Opening a can of worms for greener possibilities

Owner of WasteNot Worm Farms gives NCC staff the 101 on worm composting over a lunch and learn in Toronto (Photo by Jocelyn Molyneux)

Owner of WasteNot Worm Farms gives NCC staff the 101 on worm composting over a lunch and learn in Toronto (Photo by Jocelyn Molyneux)

January 26, 2016 | by Wendy Ho | 0 Comments

I have a nine-to-five job, spending most of my day in front of the computer and far removed from any Nature Conservancy of Canada (NCC) property. I will likely not be doing hands-on conservation on any given work day. Sometimes, cubicle dwellers like me need to think hard about how we can contribute in environmentally positive ways in our workplace.

Recently, the NCC national office in Toronto opened a can of worms in hopes of closing the loop with our organic wastes. Up until November 2015, there had been no organic waste collection in our building. That all changed when a vermiculture start-up contacted NCC about composting our food waste through Green Bins Growing.

Owner and operator of WasteNot Worm Farms, Jocelyn Molyneux, is just about the most enthusiastic person I’ve seen about red, wriggly worms. Over a lunch and learn, Jocelyn introduced our group to the important roles worms play in agriculture, the differences between traditional (hot) composting and worm composting and their fertilizer by-products. Of about a dozen attendees, only one had experience with worm composting and that was from the college she attended that had adopted this practice.

So what’s the point of all this, and is it worth it?

Worms are the soil’s natural nutrient recycling squad and they are quite apt at this job. They eat decaying matter and produce nutrient-rich biofertilizer. By signing on for an office worm composting system, we’re looking to divert our organic waste away from landfill to a process that feeds back into our food system.

Jocelyn told us one pound of worms can eat up to one pound of food waste each day. The resulting manure material is called worm castings — a dense, nutrient-rich humus that sequesters carbons, feeds soil with beneficial microbes that kick-start the soil food web and provides natural plant growth stimulators.

Compare this to conventional fertilizers, which are generally made from petroleum products: conventional fertilizers damage the natural soil ecosystem, reducing soil fertility by killing soil microbes and creating a dependency on further chemical fertilizer applications. Check out this fertilizer buying guide published by National Geographic.

Even when compared to traditional composting, worms come out on top. “Traditional composting produces a low-grade soil mulch where the high heat treatment has killed most beneficial microbes and much of the carbon and other nutrients have broken down,” Jocelyn says.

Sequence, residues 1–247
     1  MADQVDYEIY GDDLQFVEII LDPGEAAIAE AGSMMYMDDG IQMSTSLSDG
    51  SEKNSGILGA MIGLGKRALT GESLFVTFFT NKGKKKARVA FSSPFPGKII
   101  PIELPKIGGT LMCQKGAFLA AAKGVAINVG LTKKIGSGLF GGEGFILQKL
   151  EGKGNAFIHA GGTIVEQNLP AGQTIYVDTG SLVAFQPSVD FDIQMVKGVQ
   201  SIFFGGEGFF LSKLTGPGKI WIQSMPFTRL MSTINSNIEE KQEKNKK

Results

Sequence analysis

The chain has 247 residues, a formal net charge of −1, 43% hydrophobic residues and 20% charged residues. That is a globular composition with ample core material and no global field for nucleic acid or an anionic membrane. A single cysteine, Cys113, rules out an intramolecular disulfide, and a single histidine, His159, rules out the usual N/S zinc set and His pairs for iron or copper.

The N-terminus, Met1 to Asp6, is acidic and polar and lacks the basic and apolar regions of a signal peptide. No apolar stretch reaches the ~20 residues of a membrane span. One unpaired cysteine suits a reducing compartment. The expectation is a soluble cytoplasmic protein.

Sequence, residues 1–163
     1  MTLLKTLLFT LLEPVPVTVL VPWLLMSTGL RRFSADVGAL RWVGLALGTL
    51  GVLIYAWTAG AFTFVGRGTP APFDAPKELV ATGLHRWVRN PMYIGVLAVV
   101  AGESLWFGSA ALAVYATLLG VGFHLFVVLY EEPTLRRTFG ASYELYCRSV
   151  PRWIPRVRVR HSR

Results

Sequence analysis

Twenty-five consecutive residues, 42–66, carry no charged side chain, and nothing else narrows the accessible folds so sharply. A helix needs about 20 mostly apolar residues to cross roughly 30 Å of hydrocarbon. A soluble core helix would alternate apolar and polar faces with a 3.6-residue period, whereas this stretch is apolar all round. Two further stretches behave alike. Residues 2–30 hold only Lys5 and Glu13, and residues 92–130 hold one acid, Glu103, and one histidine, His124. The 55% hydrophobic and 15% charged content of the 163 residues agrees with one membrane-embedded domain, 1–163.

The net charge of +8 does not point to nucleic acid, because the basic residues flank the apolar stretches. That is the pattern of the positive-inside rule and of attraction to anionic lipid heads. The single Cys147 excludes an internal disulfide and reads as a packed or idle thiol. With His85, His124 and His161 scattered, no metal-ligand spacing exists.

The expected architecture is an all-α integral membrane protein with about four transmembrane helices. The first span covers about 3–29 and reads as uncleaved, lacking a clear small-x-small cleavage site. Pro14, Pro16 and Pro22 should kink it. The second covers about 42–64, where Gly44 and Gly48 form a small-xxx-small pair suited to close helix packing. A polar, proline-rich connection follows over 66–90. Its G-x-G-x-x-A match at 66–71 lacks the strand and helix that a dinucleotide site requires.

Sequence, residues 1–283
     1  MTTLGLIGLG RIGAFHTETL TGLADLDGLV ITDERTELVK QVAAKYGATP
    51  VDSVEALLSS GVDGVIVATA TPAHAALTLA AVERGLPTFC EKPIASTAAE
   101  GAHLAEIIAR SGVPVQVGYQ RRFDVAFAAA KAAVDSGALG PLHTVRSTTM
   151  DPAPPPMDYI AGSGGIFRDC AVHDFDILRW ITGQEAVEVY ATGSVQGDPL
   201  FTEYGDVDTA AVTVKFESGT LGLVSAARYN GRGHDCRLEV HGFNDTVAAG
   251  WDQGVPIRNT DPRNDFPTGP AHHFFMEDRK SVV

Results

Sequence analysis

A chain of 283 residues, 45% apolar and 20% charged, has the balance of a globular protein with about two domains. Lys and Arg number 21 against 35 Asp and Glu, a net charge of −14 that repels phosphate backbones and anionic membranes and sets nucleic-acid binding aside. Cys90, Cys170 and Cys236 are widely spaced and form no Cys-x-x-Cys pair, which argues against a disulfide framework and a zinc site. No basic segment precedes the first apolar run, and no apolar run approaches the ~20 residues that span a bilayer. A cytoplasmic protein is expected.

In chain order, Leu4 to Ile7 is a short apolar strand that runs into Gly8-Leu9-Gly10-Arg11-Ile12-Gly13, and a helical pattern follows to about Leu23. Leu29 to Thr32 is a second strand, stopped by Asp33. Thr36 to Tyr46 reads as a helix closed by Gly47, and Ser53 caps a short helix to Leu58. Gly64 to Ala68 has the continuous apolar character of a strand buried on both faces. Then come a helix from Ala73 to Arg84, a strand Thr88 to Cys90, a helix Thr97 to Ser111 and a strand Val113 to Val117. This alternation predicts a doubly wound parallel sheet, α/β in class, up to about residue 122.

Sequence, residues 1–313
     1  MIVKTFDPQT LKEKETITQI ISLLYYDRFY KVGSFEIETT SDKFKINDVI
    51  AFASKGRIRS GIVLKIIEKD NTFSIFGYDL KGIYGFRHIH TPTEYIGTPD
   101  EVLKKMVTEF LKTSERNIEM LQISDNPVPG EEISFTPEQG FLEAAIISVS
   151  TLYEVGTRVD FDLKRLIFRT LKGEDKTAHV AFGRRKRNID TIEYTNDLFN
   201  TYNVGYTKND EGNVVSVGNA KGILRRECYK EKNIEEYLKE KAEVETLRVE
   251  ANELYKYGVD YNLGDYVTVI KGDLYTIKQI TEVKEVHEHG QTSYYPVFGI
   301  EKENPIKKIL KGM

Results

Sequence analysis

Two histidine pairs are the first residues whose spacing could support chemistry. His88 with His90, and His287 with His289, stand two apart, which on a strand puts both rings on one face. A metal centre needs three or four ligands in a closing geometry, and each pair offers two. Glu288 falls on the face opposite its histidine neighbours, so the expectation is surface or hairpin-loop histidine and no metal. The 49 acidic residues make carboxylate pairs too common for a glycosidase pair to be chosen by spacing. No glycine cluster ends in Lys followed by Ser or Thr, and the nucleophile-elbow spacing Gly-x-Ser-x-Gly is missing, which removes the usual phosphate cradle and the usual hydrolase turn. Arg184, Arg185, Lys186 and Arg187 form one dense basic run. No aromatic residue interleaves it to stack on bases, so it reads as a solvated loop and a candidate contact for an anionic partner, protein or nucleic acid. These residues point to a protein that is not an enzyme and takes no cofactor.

The price difference is telling, too. Worm castings weigh in at $400 U.S./cubic yard versus $30 U.S./cubic yard for compost.

A big incentive with WasteNot Worm Farm is that we receive 25 percent of our year’s castings to give out to employees or donate to a community garden. A good deal, compared to buying it at $5/lb, if you ask me!

Meeting our worms

Red wigglers are small but have a big appetite (Photo by NCC)

Red wigglers are small but have a big appetite (Photo by NCC)

After receiving the 101 on worm composting, we had the chance to introduce ourselves to the red wigglers we had just employed. To our surprise, these are thin, spindly worms about two to four inches long; nothing like the big plump earthworms (night crawlers) some of us encounter while working in our gardens.

A brave few held their hand out to “meet” the worms, but were told not to handle them for too long as worms are photosensitive and can go into spasms under prolonged exposure to light.

We will not however actually have a worm bin in our kitchen, and for good reason! WasteNot Worm Farms collects our food wastes weekly, reducing the risk of fruit flies and limiting the waft of bad odours. Composting at a central farm facility (about 80 kilometres outside of Toronto) is more efficient for a small operation like WasteNot Worm Farms. Like the worms themselves, WasteNot Worm Farms is small but has a big appetite.

Ontario sends three million tonnes of organics to landfill each year, mostly because it's cheaper to landfill in Michigan than it is to compost in Ontario.

“Canadians are hungry for sustainable solutions, and worm farming is a simple, inexpensive biotechnology that recycles waste nutrients back to our soil. With early adopters like the Nature Conservancy of Canada leading the way, I'm confident that vermicomposting is on the verge of becoming a popular Zero Waste industrial recycling solution,” says Jocelyn.

Trashing out then and now

There is no mistaking what goes in our green bin with all this signage! (Photo by NCC)

There is no mistaking what goes in our green bin with all this signage! (Photo by NCC)

It has now been two months since we started using the green bins and I can already see a drastic diversion of wastes. In the past without organic waste collection services, we had no choice but to dump our food scraps into the same bin as our non-recyclables. Since we signed on with WasteNot Worm Farms, our staff have been diligent in correctly sorting their organic, compostable items, recyclables and trash.

Our hope is that by paying a small premium for Green Bins Growing, we are supporting a waste management practice that promotes environmental sustainability. We are looking forward to seeing the volume of worm castings our wastes can generate over the year, ensuring we’re doing our part to cycle those nutrients back into our soil.

About the Author

Wendy Ho is Nature Conservancy of Canada's editorial coordinator.

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